“In him we were also chosen, having been predestined according to the plan of him who works out everything in conformity with the purpose of his will, in order that we, who were the first to hope in Christ, might be for the praise of his glory” (Eph 1:11-12).
“God from all eternity did, by the most wise and holy counsel of his own will, freely and unchangeably ordain whatsoever comes to pass” (Westminster Confession 3.1).
Sometimes modern Christian custom gives opportunity to elucidate apostolic Christian doctrine. At least since the first Passover in Exodus 12, God’s people have seized on the practicality of using customs and traditions to teach and exhort the next generation.
Thanksgiving Day affords us a timely opportunity to reflect on what the Scriptures have to say about the divine decree and providence. Thanksgiving Day is pure nonsense, without the teaching that God is working everything--yes, everything--according to plan and that nothing--no, really, nothing--fails to contribute to the grand culmination of his purpose. If those sayings were not true, then all the good gifts we enjoy came to us by impersonal fate or chance. They do not really provide us with a reason to be particularly grateful. In addition, all the good gifts we enjoy become meaningless if they are simply the ephemeral elation of endorphins.
To say it positively, Thanksgiving Day is meaningful and profound when observed on the Christian worldview. The day reminds us that the gifts we enjoy have a personal loving author. These gifts are intended as reminder to approach God in worship through Jesus, as Paul told the Lyconians:
God “has not left himself without testimony: He has shown kindness by giving you rain from heaven and crops in their seasons; he provides you with plenty of food and fills your hearts with joy” (Acts 14:17).
27 November 2008
17 November 2008
Last week's deputation time was invested in assembling the necessary materials for our information packets to go out to pastors. I also spent some time researching and filling in the blanks for some of the contacts that I received through my seminary's database. I have a lot of church names without pastor names, so I'm hunting down what information I can online before contacting these pastors.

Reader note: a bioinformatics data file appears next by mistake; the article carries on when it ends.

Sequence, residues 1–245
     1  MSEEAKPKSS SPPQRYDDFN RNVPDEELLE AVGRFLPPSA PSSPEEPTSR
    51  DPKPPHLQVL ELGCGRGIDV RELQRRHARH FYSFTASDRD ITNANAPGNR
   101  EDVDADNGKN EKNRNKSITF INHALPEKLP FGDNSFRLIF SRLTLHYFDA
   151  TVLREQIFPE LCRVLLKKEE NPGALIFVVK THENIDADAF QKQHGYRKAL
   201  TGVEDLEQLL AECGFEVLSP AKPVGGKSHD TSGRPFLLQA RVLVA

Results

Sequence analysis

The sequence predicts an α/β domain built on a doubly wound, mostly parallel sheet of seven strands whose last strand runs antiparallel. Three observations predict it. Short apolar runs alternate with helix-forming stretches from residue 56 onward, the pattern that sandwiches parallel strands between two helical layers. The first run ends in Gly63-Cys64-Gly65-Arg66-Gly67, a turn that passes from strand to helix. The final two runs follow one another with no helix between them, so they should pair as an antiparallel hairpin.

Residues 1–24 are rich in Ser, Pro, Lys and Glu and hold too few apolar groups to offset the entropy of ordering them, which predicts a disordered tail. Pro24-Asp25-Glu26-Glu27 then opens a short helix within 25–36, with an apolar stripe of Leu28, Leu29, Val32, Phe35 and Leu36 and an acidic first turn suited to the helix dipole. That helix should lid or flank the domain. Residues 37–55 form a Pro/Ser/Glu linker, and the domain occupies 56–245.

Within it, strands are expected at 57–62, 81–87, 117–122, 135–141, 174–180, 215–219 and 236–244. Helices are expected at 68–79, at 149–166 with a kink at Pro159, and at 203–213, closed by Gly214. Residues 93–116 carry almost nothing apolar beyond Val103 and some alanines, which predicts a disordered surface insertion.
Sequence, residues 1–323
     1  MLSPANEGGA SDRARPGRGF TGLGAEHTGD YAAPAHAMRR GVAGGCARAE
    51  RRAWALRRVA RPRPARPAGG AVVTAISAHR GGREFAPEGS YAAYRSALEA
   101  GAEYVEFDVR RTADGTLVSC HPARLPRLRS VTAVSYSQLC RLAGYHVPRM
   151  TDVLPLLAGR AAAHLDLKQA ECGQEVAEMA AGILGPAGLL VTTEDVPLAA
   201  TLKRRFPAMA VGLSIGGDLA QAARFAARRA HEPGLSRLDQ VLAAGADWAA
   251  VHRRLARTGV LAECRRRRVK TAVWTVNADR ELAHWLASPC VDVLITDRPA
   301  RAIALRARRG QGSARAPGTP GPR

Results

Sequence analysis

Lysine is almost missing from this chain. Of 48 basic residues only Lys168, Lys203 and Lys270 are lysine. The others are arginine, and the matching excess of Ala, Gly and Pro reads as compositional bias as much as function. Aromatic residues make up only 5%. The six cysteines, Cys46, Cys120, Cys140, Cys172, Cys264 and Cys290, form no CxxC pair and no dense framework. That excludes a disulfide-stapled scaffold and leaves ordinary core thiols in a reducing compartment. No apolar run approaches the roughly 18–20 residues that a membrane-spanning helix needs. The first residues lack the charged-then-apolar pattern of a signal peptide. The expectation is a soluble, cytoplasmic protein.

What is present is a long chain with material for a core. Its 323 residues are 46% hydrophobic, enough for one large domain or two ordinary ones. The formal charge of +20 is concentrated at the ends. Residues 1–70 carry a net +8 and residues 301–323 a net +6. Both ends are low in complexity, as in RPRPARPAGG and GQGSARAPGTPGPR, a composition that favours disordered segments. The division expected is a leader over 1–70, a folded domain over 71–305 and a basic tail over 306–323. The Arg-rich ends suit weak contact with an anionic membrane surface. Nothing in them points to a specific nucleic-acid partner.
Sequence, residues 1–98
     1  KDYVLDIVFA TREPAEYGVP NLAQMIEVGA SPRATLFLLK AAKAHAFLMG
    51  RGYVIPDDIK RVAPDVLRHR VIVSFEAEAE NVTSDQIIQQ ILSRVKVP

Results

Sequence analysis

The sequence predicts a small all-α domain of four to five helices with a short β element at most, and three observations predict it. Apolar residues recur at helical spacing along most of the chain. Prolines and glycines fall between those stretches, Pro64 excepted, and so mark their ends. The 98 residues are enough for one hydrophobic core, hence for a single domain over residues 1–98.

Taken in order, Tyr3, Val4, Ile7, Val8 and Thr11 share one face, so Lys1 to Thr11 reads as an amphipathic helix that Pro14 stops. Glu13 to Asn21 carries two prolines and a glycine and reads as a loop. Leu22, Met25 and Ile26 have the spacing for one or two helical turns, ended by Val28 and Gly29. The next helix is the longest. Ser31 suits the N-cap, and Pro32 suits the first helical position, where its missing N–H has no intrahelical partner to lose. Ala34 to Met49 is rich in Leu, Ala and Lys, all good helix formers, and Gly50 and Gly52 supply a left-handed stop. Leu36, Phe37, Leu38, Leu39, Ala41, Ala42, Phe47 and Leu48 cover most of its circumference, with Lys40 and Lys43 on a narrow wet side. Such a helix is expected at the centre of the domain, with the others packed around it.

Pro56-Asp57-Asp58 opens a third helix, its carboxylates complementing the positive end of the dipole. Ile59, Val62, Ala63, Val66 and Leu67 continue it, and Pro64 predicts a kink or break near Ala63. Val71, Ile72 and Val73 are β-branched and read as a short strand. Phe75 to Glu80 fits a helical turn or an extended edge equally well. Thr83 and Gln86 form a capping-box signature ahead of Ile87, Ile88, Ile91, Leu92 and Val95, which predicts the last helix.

I've been encouraged by some of the ministries I've glimpsed through the websites. Reading statements of faith and missionary questionnaires doesn't tell me a great deal about the church, but it can give me a feel for what they care about and think is important. I hope some of these churches will be able to become partners in our mission.
This point brings me to a prayer request. Because these churches don't all agree to a standard statement of faith, there are many differences of content between my statement and theirs. I need wisdom and humility to know where I can present my ministry in good faith that I will represent these churches well in Kenya. On one side, I need to be clear about what I believe and not cave to pressure for the sake of support; on the other side, I need to keep the gospel central and be willing to cooperate beyond my preferences for the sake of its progress. The fact that my paycheck and departure date are dependent on the support of partners tends to cloud the issue; pray that it won't.